Time and change are great, only with reference to the faculties of the beings which note them. The insect of an hour, fluttering, during its transient existence, in an atmosphere of perfume, would attribute unchanging duration to the beautiful flowers of the cistus, whose petals cover the dewy [87/88] grass but a few hours after it has received the lifeless body of the gnat. These flowers, could they reflect, might contrast their transitory lives with the prolonged existence. of their greener neighbours. The leaves themselves, counting their brief span by the lapse of a few moons, might regard as almost indefinitely extended the duration of the common parent of both leaf and flower. The lives of individual trees are lost in the continued destruction and renovation which take place in forest masses. Forests themselves, starved by the exhaustion of the soil, or consumed by fire, succeed each other in slow gradation. A forest of oaks waves its luxuriant branches over a spot which has been fertilized by the ashes of a forest of pines. These periods again merge into other and still longer cycles, during which the latest of a thousand forests sinks beneath the waves, from the gradual subsidence of its parent earth; or in which extensive inundations, by accumulating the silt of centuries, gradually convert the [88/89] living trunks into their stony resemblances. Stratum upon stratum subsides in comminuted particles, and is accumulated in the depths of ocean, whence they again arise, consolidated by pressure and by heat, to form the continents and mountains of a new creation.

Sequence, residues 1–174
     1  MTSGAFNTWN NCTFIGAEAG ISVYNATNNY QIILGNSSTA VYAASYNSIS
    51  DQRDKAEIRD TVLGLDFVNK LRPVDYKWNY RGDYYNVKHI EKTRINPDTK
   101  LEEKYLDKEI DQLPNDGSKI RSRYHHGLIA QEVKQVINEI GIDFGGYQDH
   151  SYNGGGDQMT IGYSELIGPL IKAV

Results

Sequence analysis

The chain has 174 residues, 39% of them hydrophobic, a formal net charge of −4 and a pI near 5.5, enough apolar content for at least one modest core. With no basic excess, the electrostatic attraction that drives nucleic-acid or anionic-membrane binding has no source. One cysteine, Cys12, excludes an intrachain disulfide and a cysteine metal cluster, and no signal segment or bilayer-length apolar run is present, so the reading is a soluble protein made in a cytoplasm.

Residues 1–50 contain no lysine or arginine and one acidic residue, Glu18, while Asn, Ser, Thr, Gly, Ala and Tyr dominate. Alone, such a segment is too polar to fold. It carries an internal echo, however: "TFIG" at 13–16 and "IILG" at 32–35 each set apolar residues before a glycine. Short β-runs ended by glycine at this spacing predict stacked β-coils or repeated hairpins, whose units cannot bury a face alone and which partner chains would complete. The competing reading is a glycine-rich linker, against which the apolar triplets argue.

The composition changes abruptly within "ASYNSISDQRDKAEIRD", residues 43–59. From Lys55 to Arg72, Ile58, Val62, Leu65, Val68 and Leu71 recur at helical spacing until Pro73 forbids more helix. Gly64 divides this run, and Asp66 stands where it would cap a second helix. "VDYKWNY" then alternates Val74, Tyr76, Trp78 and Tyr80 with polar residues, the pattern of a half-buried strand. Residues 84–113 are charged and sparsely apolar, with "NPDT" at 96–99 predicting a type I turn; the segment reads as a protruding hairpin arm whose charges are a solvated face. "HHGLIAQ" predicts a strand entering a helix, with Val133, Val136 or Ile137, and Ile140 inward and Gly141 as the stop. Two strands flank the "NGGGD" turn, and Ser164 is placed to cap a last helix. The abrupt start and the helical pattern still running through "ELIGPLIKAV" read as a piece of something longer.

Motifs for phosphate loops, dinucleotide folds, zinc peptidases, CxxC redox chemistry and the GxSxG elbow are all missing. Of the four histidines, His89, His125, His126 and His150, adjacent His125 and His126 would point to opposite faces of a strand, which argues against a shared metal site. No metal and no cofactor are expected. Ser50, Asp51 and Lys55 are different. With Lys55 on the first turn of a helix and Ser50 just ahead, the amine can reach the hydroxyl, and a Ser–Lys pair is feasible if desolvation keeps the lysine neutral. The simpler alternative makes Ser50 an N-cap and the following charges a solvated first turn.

Such, in endless succession, is the history of the changes of the globe we dwell upon; and human observation, aided by human reason, has as yet discovered few signs of a beginning—no symptom of an end. Yet, in that more extended view which recognises our planet as one amongst the attendants of a central luminary; that sun itself,—the soul, as it were, of vegetable and animal existence, but an insignificant individual among its congeners of the milky way:— when we remember that that cloud of light, gleaming with its myriad systems, is but an isolated nebula amongst a countless host of rivals, which the starry firmament surrounding us [89/90] on all sides, presents in every varied form;— some as uncondensed masses of attenuated light; — some as having, in obedience to attractive forces, assumed a spherical figure; others, as if farther advanced in the history of their fate, enclosing a denser central nucleus surrounded by a more diluted light, spreading into such vast space, that the whole of our own nebula would be lost in it:—others there are, in which the apparently unformed and irregular mass of nebulous light is just curdling, as it were, into separate systems; whilst many present a congeries of distinct points of light, each, perhaps, the splendid luminary of a creation more glorious than our own;—when the birth, the progress, and the history of sidereal systems are considered, we require some other unit of time than even that comprehensive one which astronomy has unfolded to our view. Minute and almost infinitesimal as is the time which comprises the history of our race compared with that which records the history of our system, the space even of [90/91] this latter period forms too limited a standard wherewith to measure the footmarks of eternity.
12 November 2014